"No Escort Needed!"

This is a play about ego, hubris, greed and dishonesty. It begins with the sinking of the USS Indianapolis on July 30, 1945 between Guam and the Philippines by a Japanese submarine. Without the upper naval command knowing of the sinking it took six days before there was acknowledgement of the sinking and that was by accident. From that moment on the upper command must find a reason to explain to the American people why this sinking happened knowing the USS Indianapolis sailed without escort. This begins the inexorable attempt from the office of Admiral Ernest King and the Secretary of the Navy James Forestall to find a person or persons to blame for this blunder. The rallying cry is to save the face of the Navy. Using Shakespearean like tactics Admiral King focuses on the captain of the Indianapolis, Captain McVay to be the scapegoat based on his lingering dislike of McVay's father an admiral that gave him a severe reprimand early in his career.

It ultimately ends with the court martial of Captain McVay. The trial is weighted on the side of the Navy. During this tumultuous trial new evidence is shown to prove to the world that McVay is innocent. But the Admiral chooses to bring the commander of the Japanese submarine to be a witness for the prosecution even with the uproar of the American people. Underhanded tactics by the prosecution and the upper command makes public the Navy's intent to place blame where it shouldn't.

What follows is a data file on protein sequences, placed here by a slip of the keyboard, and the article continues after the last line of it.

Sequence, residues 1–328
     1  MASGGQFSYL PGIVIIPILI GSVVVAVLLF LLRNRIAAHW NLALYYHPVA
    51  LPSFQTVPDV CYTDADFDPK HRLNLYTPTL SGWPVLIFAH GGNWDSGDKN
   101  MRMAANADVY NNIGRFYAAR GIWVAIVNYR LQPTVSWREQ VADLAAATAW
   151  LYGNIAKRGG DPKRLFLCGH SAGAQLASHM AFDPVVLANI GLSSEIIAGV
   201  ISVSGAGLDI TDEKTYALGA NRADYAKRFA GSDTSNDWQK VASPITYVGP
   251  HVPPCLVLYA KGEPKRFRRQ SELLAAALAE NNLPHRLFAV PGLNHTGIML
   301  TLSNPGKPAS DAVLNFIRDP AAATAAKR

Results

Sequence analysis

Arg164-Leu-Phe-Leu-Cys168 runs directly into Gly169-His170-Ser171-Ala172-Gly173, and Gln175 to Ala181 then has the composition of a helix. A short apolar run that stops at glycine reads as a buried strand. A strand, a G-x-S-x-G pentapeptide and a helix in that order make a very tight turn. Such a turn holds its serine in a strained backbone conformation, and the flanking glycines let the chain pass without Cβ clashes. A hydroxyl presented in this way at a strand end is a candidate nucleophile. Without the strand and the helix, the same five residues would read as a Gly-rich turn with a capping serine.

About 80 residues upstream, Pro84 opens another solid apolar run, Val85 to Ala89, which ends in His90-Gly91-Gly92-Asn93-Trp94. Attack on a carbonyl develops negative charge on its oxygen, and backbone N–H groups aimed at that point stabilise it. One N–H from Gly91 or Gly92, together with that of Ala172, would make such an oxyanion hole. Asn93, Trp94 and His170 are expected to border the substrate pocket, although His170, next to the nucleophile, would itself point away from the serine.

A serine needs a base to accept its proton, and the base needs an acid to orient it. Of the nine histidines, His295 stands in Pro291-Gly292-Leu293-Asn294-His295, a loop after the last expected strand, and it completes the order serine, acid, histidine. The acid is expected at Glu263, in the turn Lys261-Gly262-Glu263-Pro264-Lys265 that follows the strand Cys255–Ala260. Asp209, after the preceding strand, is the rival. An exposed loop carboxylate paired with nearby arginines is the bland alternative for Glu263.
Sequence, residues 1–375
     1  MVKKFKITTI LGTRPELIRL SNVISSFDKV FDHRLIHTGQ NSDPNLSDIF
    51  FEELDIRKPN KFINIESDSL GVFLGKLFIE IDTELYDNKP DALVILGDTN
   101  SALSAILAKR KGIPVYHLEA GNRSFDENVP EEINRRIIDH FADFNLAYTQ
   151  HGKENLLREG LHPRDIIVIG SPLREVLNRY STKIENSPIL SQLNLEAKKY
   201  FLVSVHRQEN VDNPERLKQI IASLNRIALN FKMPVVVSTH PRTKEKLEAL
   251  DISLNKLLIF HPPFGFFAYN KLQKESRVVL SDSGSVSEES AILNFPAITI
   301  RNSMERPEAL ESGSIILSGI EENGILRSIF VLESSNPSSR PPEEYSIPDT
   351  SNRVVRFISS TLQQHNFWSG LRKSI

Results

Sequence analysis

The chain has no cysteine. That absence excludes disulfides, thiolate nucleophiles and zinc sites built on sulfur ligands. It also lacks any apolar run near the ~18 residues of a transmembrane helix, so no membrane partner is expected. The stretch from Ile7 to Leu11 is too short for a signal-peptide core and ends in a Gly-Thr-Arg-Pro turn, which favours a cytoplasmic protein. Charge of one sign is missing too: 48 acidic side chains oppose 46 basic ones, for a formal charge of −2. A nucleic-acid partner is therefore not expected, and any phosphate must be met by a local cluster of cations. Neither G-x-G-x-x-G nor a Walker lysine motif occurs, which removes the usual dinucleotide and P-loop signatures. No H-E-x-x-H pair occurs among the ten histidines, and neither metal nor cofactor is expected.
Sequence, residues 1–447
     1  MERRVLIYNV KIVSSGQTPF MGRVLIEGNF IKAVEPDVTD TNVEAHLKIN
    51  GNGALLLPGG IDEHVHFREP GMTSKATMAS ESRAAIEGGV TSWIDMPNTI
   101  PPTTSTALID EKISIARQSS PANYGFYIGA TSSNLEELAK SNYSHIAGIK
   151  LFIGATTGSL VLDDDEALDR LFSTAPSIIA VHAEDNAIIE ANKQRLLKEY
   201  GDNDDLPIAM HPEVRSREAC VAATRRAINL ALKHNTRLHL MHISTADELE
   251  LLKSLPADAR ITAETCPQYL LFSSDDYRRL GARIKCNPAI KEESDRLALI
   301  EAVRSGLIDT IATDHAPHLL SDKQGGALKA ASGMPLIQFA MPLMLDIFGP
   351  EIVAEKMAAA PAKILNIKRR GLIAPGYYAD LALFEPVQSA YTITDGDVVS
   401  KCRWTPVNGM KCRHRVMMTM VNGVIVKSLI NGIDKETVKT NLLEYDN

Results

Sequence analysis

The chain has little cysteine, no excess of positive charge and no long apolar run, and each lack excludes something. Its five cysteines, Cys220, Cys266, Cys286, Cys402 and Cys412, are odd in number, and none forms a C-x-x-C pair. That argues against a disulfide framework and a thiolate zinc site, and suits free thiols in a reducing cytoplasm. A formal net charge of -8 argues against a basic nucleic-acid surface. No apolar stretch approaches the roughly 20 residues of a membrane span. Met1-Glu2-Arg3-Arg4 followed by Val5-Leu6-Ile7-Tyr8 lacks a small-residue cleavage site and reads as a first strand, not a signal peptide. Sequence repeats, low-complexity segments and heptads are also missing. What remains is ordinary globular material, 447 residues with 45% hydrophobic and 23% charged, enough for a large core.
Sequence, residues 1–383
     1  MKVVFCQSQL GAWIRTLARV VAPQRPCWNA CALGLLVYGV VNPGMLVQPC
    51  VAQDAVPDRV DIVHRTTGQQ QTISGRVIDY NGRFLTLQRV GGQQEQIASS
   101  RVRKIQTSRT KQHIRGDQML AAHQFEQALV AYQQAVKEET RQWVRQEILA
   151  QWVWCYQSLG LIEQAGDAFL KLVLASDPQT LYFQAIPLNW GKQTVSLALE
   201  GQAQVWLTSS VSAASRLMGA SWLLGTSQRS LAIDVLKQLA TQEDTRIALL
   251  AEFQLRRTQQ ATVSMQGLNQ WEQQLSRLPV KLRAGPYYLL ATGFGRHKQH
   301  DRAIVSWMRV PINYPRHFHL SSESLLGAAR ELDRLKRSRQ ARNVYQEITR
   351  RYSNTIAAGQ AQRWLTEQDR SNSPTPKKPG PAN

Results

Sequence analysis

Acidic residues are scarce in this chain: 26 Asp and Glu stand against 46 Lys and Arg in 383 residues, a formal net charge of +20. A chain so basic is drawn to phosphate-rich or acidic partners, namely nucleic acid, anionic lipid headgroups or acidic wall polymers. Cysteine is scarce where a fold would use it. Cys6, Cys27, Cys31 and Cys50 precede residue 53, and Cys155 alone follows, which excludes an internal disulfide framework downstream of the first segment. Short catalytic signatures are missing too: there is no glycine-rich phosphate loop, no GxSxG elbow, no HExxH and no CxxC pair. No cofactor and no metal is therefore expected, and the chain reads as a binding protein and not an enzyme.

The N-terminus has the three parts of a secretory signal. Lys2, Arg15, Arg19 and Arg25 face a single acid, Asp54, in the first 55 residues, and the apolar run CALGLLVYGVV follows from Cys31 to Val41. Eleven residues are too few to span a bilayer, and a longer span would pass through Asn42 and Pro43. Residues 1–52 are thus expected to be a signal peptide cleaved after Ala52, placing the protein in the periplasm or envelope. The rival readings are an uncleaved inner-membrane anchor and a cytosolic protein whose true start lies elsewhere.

The play is based on fact and some of the characters are real as others are fictional. The  dialogue is an artistic interpretation of those facts. Research for this piece was supported by one of the survivors Ensign Harlan Twible the father of an actress I worked with during my career as an actor. He is now 93 years young and an honorable friend! Too much was said about the sharks and nothing said about the guilt of the upper command. He still bristles when Admiral King is mentioned seventy one years later.


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